Available for logged-in reporters only
Newswise BOSTON (Oct. 16, 2019)Tufts University School of Medicine Dean Harris Berman will step down from his post at the end of the year. The managed-care pioneer and former chief executive of Tufts Health Plan will continue at the university on a part-time basis, fundraising for the medical school and university and training academic leadership in development.
In his time at the medical school, Berman has championed curriculum improvements, ushered in a new anatomy lab and other learning spaces, guided the development of a unique training program for rural doctors in Maine, and was actively involved in fundraising, which last year saw gifts of $37 million, the largest one-year total in the schools history.
While a search for a new dean is underway, Vice Dean Peter Bates will serve as interim dean. Before joining the Tufts School of Medicine this summer, Bates was senior vice president of academic affairs and chief academic officer at Maine Medical Center.
Bates and Berman worked together on one of Bermans proudest accomplishments at Tufts: launching the Maine Track Program. Berman recognized that rural areas in Maine have trouble attracting and retaining physicians, limiting patients access to care. So, in collaboration with Maine Medical Center, Berman led the development of a training track geared toward students interested in rural medicine with the goal of creating a pipeline of new physicians who would settle in Maine. Introduced in 2008, the program serves a part of New England that needed help, in a very innovative way, Berman said. It was a real turning point for Tufts.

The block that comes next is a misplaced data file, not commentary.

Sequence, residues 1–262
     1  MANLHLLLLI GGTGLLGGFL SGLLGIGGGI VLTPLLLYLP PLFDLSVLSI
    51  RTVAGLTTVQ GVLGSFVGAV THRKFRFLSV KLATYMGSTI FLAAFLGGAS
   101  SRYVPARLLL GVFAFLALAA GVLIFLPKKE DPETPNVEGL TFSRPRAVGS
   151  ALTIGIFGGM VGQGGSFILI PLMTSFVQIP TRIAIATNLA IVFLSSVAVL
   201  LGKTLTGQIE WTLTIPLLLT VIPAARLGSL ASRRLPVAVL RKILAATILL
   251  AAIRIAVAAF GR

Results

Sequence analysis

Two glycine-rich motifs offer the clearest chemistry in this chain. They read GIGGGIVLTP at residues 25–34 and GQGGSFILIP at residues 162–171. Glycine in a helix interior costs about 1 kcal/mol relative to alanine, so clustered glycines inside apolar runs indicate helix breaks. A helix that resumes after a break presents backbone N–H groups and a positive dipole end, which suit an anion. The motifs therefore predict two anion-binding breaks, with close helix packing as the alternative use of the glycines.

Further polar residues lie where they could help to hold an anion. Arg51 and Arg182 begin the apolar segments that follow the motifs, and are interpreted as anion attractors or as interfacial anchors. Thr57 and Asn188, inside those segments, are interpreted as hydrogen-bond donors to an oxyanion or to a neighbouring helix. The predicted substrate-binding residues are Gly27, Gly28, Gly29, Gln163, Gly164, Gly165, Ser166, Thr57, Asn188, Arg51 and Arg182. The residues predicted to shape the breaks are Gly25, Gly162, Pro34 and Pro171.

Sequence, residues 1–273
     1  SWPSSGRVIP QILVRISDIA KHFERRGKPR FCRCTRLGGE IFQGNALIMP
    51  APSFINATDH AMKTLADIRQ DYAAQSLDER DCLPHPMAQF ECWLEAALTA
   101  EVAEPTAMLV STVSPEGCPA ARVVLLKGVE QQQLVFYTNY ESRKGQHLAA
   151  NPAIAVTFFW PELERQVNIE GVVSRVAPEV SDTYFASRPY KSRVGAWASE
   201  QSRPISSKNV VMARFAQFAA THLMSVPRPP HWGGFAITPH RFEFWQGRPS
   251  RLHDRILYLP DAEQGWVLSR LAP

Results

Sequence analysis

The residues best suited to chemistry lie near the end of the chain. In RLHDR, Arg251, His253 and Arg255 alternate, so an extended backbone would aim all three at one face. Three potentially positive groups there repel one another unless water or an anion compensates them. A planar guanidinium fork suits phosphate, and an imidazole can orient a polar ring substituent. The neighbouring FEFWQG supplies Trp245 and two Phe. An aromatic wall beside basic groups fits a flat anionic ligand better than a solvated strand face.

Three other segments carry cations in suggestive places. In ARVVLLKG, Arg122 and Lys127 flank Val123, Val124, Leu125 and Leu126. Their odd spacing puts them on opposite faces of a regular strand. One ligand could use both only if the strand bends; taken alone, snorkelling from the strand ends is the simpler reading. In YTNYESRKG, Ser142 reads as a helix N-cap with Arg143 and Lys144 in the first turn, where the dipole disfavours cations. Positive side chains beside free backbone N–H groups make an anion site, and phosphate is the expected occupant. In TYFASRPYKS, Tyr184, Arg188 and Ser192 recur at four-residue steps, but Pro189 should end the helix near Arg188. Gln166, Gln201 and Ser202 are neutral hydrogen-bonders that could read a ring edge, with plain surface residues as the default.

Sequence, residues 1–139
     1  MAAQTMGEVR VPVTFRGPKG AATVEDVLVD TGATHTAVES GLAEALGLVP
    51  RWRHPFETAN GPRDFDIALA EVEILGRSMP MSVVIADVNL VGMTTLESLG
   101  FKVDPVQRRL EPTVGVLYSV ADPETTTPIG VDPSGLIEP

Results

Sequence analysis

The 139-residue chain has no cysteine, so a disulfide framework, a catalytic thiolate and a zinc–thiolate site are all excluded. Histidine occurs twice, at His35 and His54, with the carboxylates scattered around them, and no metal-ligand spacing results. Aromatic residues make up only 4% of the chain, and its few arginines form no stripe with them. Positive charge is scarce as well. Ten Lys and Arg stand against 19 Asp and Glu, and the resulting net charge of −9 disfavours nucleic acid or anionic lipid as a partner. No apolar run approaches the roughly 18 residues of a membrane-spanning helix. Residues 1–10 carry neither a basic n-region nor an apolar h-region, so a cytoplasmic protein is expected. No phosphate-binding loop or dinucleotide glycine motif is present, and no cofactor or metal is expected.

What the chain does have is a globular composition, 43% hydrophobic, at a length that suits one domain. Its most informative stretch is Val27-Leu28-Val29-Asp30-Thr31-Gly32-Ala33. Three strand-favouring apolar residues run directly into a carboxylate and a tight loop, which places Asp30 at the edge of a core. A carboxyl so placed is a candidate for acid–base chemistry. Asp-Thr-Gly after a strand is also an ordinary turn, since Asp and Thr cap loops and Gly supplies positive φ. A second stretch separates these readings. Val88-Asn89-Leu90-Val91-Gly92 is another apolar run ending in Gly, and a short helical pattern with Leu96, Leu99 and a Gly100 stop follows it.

Bates said the outgoing deans intelligence, judgement, and collaborative nature were instrumental to the initiatives success. He has accomplished so much in his career, yet is so humble, and is always focused on the goals of the school and its partners, Bates said.
Berman also oversaw the decommissioning of the old anatomy lab. Not only was it crowded, but there were air circulators that were so noisy, you could barely hear yourself think, Berman said. A new, state-of-the-art lab, made possible by a gift from the Jaharis Family Foundation, opened in 2017, doubling the space and incorporating cutting-edge technology that really transformed the way we teach anatomy, Berman said.